Floridians across the state are protesting the homophobic “Don’t Say Gay” bill after it passed the Florida Senate on March 8. Gov. Ron DeSantis is expected to sign the bill into law, which would go into effect July 1. The controversial legislation, which is officially called the Parental Rights in Education bill, bans teaching or any discussions surrounding sexual orientation and gender identity for students in kindergarten to third grade, and it also prohibits lessons in other grades up to 12th grade unless they are “age-appropriate and developmentally appropriate.” According to a poll conducted by the Public Opinion Research Lab at the University of North Florida, a majority of respondents, or 57%, oppose the bill. The opposition can be seen in statewide protests led by high school students and even Disney workers who say the bill drastically threatens the LGBTQ+ community with erasure and harm.
Will Larkins, a junior at Winter Park High School in Winter Park, Florida, is the president and co-founder of their school’s Queer Student Union and one of the organizers of their recent “Say Gay Anyway” walkout of more than 500 students. Larkins testified about their experience as a nonbinary student on the Florida Senate floor on Feb. 28. Larkins said they may not be immediately impacted by the bill, since they will be graduating high school next year. But, they have a younger sibling who is gay and also nonbinary and whose friends will be impacted by a lack of discussion surrounding gender and sexual orientation.
“Knowing that there’s other people who fall out of the gender binary and don’t fit a heteronormative, cisgender ideal saves the lives of so many kids,” Larkins said. “I wish I had known that I wasn’t alone in the fourth grade. Kids aren’t born homophobic, they’re just not exposed to other people. If they see that it’s a normal thing, then it wouldn’t be as big of a deal.”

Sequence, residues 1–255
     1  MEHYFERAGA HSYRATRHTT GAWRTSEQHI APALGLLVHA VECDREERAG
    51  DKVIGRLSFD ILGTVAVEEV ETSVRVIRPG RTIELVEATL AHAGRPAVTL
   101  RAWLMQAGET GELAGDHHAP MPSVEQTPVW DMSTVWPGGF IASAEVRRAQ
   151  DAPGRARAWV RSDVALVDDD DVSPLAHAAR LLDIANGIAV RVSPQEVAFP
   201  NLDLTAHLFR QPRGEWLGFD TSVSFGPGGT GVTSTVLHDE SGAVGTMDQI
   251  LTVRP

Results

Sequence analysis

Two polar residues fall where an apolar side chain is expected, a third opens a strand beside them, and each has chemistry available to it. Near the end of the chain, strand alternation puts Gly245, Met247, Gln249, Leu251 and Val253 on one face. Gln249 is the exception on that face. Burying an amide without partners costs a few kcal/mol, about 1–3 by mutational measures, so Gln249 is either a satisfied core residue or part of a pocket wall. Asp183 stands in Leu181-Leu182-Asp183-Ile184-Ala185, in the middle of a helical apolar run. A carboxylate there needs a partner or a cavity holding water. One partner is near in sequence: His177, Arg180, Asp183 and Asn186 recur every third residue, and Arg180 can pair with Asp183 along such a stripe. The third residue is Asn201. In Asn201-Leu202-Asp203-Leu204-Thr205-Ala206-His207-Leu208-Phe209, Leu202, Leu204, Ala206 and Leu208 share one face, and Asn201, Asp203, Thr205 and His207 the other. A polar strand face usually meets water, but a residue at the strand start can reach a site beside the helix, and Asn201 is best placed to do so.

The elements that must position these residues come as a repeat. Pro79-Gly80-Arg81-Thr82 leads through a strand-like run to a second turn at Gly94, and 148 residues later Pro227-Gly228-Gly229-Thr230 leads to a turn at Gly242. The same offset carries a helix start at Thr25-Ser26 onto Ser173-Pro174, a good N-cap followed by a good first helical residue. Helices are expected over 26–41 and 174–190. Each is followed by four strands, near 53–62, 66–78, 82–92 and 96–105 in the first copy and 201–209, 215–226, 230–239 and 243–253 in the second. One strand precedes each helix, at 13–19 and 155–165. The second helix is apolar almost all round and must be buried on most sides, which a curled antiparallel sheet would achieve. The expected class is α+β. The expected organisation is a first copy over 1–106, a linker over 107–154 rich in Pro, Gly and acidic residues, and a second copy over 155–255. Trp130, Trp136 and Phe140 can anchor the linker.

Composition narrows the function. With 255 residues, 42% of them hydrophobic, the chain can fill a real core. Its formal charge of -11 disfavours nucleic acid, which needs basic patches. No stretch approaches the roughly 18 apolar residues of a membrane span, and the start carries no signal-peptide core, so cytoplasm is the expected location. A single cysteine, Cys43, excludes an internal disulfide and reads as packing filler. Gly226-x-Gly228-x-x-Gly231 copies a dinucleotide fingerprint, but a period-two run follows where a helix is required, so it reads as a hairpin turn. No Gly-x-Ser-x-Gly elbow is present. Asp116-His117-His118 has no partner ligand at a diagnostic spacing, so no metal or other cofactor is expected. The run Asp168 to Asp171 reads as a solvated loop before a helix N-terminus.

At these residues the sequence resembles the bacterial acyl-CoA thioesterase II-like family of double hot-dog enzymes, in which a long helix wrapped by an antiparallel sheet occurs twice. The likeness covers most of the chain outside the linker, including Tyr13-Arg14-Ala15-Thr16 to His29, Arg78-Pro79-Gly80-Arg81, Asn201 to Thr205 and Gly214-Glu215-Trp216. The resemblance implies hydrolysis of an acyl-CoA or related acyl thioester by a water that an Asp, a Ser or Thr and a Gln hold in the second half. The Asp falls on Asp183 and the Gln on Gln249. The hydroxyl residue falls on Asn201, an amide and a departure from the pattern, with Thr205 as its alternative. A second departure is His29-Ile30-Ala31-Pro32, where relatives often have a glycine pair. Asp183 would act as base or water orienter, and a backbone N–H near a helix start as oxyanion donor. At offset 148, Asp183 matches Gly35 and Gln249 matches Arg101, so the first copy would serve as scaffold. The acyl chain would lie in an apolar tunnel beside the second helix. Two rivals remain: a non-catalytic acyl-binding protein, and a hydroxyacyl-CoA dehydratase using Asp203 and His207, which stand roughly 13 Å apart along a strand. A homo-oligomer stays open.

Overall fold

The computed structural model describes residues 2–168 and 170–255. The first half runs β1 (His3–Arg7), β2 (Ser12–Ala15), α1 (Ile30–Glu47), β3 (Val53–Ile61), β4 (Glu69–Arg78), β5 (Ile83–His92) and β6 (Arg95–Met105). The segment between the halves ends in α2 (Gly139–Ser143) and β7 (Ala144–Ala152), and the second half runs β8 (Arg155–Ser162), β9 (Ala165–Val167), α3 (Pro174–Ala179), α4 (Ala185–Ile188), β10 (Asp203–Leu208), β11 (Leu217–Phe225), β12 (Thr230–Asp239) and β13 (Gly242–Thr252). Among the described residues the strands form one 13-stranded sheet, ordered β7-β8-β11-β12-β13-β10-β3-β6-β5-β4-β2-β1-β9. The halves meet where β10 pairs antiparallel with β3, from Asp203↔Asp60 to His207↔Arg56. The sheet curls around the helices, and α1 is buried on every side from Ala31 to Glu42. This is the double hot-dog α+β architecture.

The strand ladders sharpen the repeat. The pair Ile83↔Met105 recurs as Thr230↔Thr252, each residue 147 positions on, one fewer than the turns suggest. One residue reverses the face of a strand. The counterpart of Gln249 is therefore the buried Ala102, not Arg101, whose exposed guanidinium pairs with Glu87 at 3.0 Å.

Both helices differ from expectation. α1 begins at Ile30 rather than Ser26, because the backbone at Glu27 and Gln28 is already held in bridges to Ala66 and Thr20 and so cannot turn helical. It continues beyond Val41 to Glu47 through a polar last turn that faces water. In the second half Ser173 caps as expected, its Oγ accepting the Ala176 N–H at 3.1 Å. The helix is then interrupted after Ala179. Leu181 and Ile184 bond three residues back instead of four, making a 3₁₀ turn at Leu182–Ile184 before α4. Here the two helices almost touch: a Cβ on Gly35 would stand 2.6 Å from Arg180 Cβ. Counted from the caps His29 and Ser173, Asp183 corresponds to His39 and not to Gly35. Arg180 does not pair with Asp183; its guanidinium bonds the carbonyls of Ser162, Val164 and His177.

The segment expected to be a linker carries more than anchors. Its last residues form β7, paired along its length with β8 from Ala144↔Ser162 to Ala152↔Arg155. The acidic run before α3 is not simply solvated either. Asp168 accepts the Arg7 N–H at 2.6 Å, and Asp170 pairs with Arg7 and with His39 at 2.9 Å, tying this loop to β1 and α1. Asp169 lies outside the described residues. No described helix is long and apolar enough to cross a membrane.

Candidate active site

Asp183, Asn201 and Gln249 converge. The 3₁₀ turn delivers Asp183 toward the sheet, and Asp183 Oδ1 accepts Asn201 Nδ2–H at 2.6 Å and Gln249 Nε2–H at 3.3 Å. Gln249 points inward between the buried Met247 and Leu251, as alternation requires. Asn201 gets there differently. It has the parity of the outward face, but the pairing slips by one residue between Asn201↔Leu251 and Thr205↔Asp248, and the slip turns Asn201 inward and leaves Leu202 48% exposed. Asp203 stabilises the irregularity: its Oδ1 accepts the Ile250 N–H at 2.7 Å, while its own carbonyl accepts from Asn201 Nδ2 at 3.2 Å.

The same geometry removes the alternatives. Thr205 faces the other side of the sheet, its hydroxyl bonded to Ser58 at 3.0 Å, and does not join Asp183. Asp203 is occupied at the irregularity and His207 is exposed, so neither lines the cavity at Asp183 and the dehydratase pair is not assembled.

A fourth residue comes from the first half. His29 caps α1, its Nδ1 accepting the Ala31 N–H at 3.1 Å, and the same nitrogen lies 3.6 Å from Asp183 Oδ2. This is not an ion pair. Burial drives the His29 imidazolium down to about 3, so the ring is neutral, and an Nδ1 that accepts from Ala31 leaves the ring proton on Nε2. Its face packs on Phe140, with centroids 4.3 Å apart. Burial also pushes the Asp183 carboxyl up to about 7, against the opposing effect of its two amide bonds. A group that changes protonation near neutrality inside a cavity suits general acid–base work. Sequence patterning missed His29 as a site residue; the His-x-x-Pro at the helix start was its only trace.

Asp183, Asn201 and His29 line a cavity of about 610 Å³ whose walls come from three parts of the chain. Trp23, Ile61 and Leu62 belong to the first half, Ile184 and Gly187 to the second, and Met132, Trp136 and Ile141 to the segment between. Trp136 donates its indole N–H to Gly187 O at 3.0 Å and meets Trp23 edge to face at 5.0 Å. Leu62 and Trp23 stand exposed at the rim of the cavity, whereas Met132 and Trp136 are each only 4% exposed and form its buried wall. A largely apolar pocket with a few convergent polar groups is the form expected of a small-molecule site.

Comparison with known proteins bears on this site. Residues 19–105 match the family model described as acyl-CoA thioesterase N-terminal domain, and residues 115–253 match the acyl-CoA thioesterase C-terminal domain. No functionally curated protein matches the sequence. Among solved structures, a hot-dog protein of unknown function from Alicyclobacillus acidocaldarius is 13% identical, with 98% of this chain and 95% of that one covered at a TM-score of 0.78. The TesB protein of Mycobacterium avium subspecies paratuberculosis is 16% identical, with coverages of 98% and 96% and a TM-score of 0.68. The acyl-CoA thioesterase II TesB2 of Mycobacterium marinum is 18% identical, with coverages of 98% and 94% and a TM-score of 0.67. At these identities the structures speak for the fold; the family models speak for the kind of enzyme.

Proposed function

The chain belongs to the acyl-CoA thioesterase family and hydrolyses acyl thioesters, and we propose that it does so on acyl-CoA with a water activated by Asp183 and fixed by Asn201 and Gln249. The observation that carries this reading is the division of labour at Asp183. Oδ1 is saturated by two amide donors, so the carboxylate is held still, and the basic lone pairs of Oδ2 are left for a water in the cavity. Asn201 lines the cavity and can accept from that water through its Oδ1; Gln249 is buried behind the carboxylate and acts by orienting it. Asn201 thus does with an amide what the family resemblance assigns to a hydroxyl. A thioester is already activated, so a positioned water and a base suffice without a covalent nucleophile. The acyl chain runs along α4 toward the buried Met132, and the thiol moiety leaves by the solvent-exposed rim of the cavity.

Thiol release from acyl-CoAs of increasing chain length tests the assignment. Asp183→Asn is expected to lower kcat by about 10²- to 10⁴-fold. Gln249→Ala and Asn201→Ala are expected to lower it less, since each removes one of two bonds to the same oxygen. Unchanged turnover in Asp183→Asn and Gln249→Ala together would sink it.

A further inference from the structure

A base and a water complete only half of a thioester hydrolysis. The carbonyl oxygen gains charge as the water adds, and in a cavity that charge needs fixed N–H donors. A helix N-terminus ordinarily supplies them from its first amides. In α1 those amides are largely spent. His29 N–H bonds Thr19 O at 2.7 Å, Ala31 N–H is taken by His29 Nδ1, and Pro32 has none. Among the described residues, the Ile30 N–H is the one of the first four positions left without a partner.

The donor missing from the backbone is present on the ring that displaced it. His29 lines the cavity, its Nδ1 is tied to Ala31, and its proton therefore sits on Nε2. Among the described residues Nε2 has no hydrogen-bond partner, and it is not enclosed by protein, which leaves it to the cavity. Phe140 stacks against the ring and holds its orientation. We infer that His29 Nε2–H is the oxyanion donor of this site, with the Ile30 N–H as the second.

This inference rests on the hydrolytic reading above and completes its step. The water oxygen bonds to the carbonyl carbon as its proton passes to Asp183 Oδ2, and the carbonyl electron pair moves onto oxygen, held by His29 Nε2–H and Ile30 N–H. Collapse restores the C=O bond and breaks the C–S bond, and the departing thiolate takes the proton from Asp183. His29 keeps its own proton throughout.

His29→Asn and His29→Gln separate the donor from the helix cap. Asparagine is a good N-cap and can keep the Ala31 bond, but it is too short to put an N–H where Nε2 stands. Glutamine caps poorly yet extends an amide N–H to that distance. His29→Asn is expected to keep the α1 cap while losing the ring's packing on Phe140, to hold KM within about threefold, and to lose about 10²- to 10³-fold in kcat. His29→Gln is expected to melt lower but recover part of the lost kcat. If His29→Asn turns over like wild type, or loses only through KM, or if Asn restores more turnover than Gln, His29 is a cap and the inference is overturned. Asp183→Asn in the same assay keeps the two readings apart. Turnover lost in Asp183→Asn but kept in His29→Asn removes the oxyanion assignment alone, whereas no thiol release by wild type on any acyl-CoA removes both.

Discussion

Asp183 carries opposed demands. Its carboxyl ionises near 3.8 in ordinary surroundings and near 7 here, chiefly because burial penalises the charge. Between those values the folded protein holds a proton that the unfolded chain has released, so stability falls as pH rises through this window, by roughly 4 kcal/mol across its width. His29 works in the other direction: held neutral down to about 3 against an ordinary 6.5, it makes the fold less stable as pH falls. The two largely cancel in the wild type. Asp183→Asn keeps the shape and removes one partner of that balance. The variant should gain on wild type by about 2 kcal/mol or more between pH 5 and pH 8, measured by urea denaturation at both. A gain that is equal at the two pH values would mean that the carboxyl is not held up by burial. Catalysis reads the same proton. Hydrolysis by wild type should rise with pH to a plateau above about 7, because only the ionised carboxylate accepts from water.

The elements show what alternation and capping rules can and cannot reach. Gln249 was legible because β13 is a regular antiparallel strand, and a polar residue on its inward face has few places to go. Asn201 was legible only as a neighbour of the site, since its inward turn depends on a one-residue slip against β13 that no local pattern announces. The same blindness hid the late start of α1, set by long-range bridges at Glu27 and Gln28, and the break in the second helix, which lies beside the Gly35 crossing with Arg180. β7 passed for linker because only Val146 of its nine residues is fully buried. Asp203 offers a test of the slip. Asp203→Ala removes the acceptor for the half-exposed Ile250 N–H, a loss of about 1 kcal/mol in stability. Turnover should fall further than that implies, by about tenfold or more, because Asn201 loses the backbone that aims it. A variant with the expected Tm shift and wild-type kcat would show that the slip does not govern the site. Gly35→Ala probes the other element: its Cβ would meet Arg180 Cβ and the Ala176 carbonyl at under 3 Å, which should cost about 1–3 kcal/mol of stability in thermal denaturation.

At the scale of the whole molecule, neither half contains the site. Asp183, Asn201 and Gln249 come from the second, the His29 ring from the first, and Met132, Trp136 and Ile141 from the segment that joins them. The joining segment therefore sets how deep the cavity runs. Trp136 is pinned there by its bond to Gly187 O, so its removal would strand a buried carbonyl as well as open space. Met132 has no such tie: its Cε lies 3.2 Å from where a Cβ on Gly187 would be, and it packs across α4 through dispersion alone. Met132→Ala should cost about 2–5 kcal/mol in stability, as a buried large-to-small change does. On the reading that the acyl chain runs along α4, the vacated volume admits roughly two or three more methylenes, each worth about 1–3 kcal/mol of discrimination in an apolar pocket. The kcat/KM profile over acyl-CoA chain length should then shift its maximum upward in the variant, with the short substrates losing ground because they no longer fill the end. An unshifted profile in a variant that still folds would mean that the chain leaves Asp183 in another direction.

A second grade teacher at a Miami elementary school, who requested to remain anonymous out of fear of retaliation, says she will not be complying with the bill at all. She said she recently heard students use the term “gay” as a slur against each other. As a teacher, she said she is expected to address bullying, but now because the slur is “gay,” the bill would require her to remain quiet rather than intervene. The Florida Department of Education removed LGBTQ+ inclusive anti-bullying resources from its website in December 2021.
“Children are aware of gay individuals by the time they are in that bracket of kindergarten through third grade. Children are being raised in gay households,” she said. “What am I supposed to do, not address children who live in a household where they have two moms, they have two dads, they have queer parents? This bill is opening the door for bullying of queer children and queer families.”
According to a 2019 census report on same-sex couple households, Florida has a population that is above the national average of 1.5%. The report also specifies that two of Florida’s metropolitan areas—the Orlando, Kissimmee, Sanford area, and the Miami, Fort Lauderdale, Pompano Beach area—are home to some of the highest percentages of same-sex households in the country. Orlando comes in at fourth highest with 2.4% of its population in a same-sex household, and Miami comes in at sixth, with 2.2% of its population in a same-sex household.